She has no idea how wrong she is.

Her style is foreign and noticeably upper-class, which makes it extremely rare and highly sought after. She can scarcely believe the speed at which her little embroidered squares are snatched up at market, and when they're all gone, people still crowd their stall, asking if she'll take orders, if she'll have more next month, if they can bring her blankets and tablecloths and handkerchiefs to work on. Dazed, she agrees, and the orders come pouring in.

She takes them, not because they have a particular need for the money, but because it will give her idle hands something to do, and she finds herself stunned after her first few nights of work at how much she doesn't hate it. Maybe it's the ability to work on her own terms, at her own pace, and with her own unique flair; maybe it's the fact that she knows her work will not simply be tucked away in some trunk, but happily put to use by whomever she makes it for. But she thinks the greater part of it is that she can work in the quiet evenings beside the fire, with Kurama dozing off in the chair across from her, while she pretends not to hear her children making whispered plans in the bedroom while they're supposed to be asleep.

Kurama still laughs at her, on occasion, saying that you 'can't fight breeding' - but he also spends a great deal of time and money adding some exotic dye plants to their side garden, and with his nearly-magical touch, they come up so well, you'd never know they weren't native. With his help, her threads and fabrics are always the most vibrant in the market, and they never seem to fade the way others do.

For several years, they pay a man to come in and shear their small flock of sheep for them, and then take the wool back to his wife, who spins it into thread for Shoshanna to use. But one year, Shoshanna - tired of the extra effort and expense - informs him that his services will no longer be necessary. The next year, she tries it herself, thinking that she's watched him so many times, surely she must have learned something by now.

It takes her several days, she nearly cuts her own fingers off several times, she ends up covered in scrapes and bruises from where the sheep have struggled to get away, and Kurama nearly kills himself laughing again - she makes a snide comment at one point about how he could maybe make himself useful and help her, but she's not even sure he hears her over the sound of his own mirth - but the sheep end up shorn, and she ends up with wool piled up all over the house.

Her first few attempts at spinning thread out of it are nearly as disastrous (if slightly less injury-inducing), but eventually she figures it out, and it's with a noticeable sense of triumph that she turns out spool after spool of her very own thread. Each year is easier than the last, and soon the whole process feels as natural as breathing.

They aren't rich, even though - she realizes with a start one evening, as they make their way home from market - they could be. They certainly make enough money to live in a bigger house, to move into the city, to have servants and maids and cooks, but by some unspoken agreement, the money always gets spent or tucked away into some hiding spot, stockpiled to be passed onto their children someday. Shoshanna is glad for it - she thinks that maybe Kurama might like to live the noble life for a while, just to see what it's like, but every part of her rebels at the thought of returning (even marginally) to the life she used to have.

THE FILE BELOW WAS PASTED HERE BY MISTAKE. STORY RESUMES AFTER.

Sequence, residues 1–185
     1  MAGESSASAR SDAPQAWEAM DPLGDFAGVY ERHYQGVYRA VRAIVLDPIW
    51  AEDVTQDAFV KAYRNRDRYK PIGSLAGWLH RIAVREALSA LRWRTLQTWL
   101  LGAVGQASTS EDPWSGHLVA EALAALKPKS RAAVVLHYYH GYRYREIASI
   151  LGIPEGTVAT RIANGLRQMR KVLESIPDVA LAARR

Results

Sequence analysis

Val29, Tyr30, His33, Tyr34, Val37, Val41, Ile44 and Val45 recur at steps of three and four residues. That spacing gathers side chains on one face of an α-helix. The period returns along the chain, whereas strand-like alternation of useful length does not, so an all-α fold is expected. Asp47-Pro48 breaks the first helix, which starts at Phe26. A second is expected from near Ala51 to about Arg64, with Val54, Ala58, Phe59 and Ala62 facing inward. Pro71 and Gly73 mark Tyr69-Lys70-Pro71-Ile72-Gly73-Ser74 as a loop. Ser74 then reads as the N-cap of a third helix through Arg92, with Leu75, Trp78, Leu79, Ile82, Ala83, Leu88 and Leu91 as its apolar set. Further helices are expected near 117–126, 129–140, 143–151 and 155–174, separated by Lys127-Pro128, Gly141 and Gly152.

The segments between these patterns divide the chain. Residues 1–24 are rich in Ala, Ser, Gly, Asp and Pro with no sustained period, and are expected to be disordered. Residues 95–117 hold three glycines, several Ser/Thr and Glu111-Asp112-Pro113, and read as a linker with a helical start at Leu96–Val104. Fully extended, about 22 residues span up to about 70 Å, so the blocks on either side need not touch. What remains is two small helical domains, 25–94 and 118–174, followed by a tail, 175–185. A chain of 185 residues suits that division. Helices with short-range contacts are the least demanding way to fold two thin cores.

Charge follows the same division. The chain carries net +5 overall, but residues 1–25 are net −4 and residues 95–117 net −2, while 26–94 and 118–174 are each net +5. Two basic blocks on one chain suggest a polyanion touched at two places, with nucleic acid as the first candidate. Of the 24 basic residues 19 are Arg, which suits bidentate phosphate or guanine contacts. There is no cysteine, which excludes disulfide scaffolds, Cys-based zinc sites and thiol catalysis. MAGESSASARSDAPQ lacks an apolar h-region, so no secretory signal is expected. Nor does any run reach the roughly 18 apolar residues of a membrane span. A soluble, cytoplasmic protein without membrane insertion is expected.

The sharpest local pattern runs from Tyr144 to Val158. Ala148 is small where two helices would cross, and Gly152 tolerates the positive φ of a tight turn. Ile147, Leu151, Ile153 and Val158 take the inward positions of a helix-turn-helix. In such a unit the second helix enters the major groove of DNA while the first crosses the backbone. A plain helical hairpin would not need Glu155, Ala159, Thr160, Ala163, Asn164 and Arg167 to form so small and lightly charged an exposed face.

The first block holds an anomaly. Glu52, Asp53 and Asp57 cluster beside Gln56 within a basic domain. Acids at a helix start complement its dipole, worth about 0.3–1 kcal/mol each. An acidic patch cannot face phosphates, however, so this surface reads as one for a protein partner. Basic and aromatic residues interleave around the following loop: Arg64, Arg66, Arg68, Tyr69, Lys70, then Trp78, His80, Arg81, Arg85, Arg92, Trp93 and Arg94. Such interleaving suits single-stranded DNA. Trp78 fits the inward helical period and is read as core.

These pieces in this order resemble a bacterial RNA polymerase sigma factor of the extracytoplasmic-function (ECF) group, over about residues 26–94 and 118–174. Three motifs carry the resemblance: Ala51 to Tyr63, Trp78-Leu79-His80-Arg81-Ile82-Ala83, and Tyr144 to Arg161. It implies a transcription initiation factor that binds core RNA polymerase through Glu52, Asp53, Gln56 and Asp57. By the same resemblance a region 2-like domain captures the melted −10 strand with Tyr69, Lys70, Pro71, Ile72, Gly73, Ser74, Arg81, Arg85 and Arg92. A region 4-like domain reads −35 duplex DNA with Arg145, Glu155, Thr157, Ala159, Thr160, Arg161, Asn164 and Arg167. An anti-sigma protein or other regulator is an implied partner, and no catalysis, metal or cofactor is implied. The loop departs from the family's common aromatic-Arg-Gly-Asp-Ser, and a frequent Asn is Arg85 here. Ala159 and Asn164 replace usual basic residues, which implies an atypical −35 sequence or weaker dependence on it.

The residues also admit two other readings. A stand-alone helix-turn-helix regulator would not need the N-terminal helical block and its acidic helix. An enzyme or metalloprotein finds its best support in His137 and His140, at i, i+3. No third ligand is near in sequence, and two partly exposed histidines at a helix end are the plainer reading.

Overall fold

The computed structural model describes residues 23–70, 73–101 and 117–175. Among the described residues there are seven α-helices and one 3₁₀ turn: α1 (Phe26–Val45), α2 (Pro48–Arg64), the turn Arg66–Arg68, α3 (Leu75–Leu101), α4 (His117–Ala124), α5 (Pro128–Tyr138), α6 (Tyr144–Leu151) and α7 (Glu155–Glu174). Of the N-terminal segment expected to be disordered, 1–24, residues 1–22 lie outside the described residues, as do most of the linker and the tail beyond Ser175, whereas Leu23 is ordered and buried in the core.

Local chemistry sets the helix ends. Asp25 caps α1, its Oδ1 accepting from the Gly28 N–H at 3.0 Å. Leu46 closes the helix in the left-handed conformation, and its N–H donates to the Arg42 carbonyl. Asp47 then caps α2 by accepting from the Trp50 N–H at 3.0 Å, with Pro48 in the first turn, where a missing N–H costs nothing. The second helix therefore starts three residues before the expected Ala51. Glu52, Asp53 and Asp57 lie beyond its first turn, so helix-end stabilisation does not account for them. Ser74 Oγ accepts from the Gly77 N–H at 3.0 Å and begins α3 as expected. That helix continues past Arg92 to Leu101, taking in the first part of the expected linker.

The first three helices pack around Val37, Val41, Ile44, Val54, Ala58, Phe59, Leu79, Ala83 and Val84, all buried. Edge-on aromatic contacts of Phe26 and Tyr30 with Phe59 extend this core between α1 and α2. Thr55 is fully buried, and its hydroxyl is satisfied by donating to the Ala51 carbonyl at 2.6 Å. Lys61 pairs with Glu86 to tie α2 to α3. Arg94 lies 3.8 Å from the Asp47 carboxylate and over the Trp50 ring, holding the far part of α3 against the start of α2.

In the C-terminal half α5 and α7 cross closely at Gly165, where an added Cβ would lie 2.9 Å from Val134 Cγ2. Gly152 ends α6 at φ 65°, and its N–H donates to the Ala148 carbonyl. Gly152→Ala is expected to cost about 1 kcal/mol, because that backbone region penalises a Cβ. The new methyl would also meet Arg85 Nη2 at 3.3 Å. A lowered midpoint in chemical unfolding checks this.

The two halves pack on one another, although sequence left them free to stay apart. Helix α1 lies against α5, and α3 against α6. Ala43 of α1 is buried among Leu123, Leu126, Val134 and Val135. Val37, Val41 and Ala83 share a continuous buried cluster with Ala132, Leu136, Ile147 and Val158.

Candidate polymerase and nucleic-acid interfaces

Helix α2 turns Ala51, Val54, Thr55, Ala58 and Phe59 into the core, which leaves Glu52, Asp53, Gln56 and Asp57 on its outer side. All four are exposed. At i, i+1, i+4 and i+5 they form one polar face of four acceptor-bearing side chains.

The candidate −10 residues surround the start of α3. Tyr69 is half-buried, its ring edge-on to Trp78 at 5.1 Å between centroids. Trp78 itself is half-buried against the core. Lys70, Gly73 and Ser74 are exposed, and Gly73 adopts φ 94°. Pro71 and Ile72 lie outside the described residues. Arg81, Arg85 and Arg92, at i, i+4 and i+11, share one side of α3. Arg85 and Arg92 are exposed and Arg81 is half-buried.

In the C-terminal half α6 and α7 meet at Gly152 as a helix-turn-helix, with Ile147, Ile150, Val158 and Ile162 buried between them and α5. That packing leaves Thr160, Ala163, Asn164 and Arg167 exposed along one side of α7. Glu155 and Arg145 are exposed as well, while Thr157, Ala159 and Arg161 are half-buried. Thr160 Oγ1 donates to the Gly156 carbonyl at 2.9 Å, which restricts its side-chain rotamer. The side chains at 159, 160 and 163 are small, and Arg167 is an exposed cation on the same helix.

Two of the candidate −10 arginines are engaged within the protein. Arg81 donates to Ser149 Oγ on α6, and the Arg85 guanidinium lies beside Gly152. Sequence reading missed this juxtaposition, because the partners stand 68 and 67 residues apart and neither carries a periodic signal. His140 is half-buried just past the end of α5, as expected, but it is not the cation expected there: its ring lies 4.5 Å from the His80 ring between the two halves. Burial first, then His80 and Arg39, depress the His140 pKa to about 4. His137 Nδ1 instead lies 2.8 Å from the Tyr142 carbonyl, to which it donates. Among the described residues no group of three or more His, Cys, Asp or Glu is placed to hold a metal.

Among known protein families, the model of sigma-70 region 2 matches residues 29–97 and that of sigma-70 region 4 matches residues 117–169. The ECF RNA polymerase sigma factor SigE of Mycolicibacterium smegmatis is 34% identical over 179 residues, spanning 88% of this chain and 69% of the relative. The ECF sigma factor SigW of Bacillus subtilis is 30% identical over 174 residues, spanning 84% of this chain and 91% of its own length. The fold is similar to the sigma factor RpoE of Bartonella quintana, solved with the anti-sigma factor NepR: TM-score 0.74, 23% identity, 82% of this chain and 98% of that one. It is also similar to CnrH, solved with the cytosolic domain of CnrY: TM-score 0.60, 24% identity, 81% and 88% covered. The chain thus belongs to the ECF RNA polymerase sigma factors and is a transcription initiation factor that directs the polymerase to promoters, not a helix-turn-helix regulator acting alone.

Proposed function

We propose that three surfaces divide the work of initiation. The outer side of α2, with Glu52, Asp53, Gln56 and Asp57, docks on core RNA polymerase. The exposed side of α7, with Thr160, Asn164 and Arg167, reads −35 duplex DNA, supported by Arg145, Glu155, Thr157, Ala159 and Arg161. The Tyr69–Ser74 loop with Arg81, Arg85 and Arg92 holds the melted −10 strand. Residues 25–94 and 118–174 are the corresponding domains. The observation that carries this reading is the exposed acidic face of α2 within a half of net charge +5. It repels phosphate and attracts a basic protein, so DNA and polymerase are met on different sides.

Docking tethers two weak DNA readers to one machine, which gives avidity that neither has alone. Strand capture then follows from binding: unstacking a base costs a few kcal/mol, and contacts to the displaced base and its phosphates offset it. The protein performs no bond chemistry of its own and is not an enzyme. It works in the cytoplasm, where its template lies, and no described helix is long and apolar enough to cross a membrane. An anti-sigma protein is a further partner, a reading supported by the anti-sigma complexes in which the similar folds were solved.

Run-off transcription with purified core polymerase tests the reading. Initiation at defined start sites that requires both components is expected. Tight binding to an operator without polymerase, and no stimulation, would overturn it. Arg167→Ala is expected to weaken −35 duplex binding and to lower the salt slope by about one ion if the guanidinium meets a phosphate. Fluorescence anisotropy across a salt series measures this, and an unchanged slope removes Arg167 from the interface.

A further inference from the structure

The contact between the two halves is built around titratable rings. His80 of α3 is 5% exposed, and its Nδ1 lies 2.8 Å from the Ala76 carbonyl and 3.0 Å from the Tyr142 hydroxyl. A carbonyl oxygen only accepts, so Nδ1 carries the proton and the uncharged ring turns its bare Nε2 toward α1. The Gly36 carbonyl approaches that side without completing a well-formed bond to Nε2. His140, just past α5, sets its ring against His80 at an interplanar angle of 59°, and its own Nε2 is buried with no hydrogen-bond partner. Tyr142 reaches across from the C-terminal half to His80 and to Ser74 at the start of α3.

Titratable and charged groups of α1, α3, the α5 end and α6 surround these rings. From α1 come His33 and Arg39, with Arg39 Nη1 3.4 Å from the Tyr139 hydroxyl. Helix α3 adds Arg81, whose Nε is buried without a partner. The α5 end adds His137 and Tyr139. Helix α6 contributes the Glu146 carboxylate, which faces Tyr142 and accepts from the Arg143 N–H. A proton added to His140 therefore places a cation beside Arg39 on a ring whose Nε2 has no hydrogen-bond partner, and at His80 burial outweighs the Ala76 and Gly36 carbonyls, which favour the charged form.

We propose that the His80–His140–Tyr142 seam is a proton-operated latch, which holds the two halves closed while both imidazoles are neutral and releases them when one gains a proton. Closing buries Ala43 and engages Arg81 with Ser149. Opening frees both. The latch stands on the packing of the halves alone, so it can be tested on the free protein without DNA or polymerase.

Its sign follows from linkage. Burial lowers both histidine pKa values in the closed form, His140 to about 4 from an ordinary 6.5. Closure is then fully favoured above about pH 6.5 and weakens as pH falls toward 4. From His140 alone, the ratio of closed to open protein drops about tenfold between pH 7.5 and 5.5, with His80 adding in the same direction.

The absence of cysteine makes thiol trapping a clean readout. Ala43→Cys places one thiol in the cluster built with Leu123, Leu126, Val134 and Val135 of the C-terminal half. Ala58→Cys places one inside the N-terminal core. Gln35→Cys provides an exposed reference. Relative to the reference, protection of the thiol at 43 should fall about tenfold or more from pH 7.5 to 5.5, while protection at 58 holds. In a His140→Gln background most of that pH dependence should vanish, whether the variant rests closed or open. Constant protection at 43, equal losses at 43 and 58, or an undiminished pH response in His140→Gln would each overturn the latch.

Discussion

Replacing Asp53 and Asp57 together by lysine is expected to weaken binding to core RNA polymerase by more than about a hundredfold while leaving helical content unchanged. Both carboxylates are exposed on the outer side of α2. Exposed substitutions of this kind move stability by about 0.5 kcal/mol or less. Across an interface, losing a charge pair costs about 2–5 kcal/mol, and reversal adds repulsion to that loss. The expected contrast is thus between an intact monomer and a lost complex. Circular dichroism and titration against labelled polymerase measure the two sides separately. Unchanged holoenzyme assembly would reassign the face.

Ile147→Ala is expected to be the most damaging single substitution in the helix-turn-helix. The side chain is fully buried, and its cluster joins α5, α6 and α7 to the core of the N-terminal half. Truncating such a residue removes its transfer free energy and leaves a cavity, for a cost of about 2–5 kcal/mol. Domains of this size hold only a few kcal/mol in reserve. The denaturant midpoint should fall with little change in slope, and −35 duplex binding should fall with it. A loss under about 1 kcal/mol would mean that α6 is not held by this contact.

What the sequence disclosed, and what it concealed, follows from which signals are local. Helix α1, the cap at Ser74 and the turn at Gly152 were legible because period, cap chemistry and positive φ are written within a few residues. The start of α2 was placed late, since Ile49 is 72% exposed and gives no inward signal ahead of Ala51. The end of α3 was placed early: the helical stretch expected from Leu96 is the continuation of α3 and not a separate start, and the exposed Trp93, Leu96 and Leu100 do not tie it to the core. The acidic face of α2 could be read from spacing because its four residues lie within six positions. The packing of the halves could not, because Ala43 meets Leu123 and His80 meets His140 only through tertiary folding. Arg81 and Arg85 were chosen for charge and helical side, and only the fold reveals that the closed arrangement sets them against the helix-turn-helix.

She likes working with her hands in the garden, getting dirt under her nails and smeared across her cheeks. She likes the feeling of sore muscles in her back from bending over to weed, the feeling of the sun on her face and arms. She likes going out in the mornings to milk their cows (and isn't that a funny thought - the princess, milking?), resting her forehead on their warm flanks. If they were rich, she thinks, she would lose all of that - be kept inside all day, never be allowed to run around the yard with her children or even plunge her hands into a bucket full of warm, sudsy water.

Still, even for all that, she knows that Kurama continues to steal - hell, sometimes she still does, when the jingle of a particularly fat purse in the marketplace is too much to resist. But it's always money they steal now, easy to use or hide away, and never so much that anyone spends a great deal of time looking for it. And Kurama continues to buy up little parcels of land, to add more crops, to build additions to the stable so they can house more animals.

And even before it's really strictly necessary, before their land holdings get so big that he could really use the extra help, Kurama hires extra hands at harvest. And if Shoshanna happens to notice that he always chooses men who have just had another baby, or whose crops have been damaged by blight or insects, or who might be having some trouble gathering the money to meet a newly-raised land tax - well, it never seems worth mentioning. She always invites them to stay for dinner, and somehow, always manages to make just a little bit too much food, which she might as well send home with them for their families - otherwise, it just goes to waste.

Sometimes, she thinks about the life she could have, if none of this had happened. Married to some rich and (hopefully) handsome prince, ruling together over the land. Servants at her beck and call, anything she could ever want just a request away. There would be no work to do, no sore feet from standing all day behind a stall at the market or over the stove in the kitchen. She'd have only the finest in clothes and jewels, and none of it would ever need mending - especially not by her own hand. Her skin would still be pale, her hands unblemished, her figure tiny and without the slightest hint of imperfection.

She thinks about it - and about all those princesses and noblewomen who are undoubtedly living those very lives right now - and she feels sorry for anyone who doesn't have a common thief to come and rescue them.

I am open to other requests! I'm really just trying to get back into writing, to try and get some ideas going again.
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June 2012